Dream Visit: A book from a country you’d love to visit.

Short Hop: A book from a next door country, one that’s not far away from your own.

Traditional Style: Magical realism, spoken word, haikus… anything traditional!

In Translation: I think this one is self-explanatory.

Indigenous, Celebrate WOC and Diaspora: These squares were added because indigenous writers and WOC are grossly undervalued in publishing and diaspora perspectives are also often ignored. There is nothing to stop you choosing writers of colour, indigenous writers or diaspora writers for every square, A Novel Haul just felt they needed proper representation on the board!

I will be sharing some recommendations for the various categories soon, as will my fellow co-hosts, and I’m putting together my TBR at the minute once that’s finalised I’ll be sharing that too. Do let us know if you’re thinking about joining in the Around the World readathon by either commenting below or using the hashtag #readtheworldathon on social media. Would be great to have as many people as possible reading internationally in July!

My IndieAthon TBR

Tomorrow the IndieAthon begins! This readathon was the brainchild of Lia from Lost in a Story, Marie from Lots of Livres, Eloise from Eloise Writes, Joel from Fictional Fates and Syd from Reading & Rambling. IndieAthon is a month long readathon in March where the aim is to read books that are self-published or from independent publishers. There’s a bingo card if you’d like an extra challenge and you can follow the IndieAthon Twitter account for more info.

I’ve got five books that I’d like to read during this readathon, which may be a surprise to some as I tend to set myself overambitious TBR’s but these five books are the only books from independent publishers I have close to hand right now.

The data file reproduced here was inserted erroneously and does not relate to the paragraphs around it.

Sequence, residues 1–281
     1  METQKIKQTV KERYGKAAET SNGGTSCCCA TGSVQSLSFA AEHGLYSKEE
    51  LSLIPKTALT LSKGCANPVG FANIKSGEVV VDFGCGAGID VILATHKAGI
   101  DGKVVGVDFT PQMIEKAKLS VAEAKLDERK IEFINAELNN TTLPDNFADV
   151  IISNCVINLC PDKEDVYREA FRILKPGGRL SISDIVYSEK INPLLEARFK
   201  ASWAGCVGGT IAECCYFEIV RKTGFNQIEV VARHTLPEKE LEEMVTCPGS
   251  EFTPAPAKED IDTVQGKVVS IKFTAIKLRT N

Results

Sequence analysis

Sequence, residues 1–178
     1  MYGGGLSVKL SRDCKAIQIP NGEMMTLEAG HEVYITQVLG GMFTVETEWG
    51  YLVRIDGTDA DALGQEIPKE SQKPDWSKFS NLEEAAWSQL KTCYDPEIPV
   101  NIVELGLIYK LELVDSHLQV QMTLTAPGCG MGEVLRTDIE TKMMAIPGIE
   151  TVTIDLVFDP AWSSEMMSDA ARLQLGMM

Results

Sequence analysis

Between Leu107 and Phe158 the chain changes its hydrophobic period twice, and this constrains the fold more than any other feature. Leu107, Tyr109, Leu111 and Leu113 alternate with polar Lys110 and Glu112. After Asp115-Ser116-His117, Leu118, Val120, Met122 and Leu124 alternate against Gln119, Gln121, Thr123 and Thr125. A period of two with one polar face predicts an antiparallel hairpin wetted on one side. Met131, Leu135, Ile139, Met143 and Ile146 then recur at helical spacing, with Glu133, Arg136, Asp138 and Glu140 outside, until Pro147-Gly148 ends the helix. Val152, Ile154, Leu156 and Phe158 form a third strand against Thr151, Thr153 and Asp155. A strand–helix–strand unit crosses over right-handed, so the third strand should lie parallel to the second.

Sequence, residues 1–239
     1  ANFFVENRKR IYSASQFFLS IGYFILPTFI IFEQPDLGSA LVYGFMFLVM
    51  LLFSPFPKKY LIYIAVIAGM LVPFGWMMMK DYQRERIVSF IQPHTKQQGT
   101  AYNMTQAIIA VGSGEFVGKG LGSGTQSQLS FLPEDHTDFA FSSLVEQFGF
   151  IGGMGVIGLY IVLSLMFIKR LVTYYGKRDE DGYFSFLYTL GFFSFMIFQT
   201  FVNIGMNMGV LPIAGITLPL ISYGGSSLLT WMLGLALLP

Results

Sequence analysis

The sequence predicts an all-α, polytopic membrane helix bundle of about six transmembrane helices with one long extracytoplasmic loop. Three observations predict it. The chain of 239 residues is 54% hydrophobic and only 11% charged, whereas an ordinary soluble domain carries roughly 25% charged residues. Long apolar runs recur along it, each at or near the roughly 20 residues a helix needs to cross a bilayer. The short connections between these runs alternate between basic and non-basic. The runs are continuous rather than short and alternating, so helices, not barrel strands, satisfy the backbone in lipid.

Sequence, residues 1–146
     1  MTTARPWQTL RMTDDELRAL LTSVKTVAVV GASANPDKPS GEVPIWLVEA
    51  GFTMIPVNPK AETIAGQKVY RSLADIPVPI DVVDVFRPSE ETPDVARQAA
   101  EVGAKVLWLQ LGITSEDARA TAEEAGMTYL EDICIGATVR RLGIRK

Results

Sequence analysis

The Hotel Tito by Ivana Bodrožić, published by Seven Stories Press, and So the Path Does Not Die by Pede Hollist, published by Jacaranda Books Art Music, are both recent purchases that I got on this years London Bookshop Crawl so it would be nice to read them as they’ve caught my interest so recently. I received All Day at the Movies by Fiona Kidman from the publisher, Gallic Books, to review. I’ve only just started it so this will be my first read of the readathon. Vengeance is Mine, All Others Pay Cash by Eka Kurniawan, published by Pushkin Press is a book I first picked up because of the striking cover. The fifth book isn’t pictured as it’s an ebook and that’s Reading the Ceiling by Dayo Forster, published by Dean Street Press.

At the end of last year, I posted about what Indie books I owned and wanted to read, but so far this year I don’t think I’ve read any books that are self-published or from independent publishers. The IndieAthon is the perfect opportunity to change that and to make a dent in my ever growing physical TBR.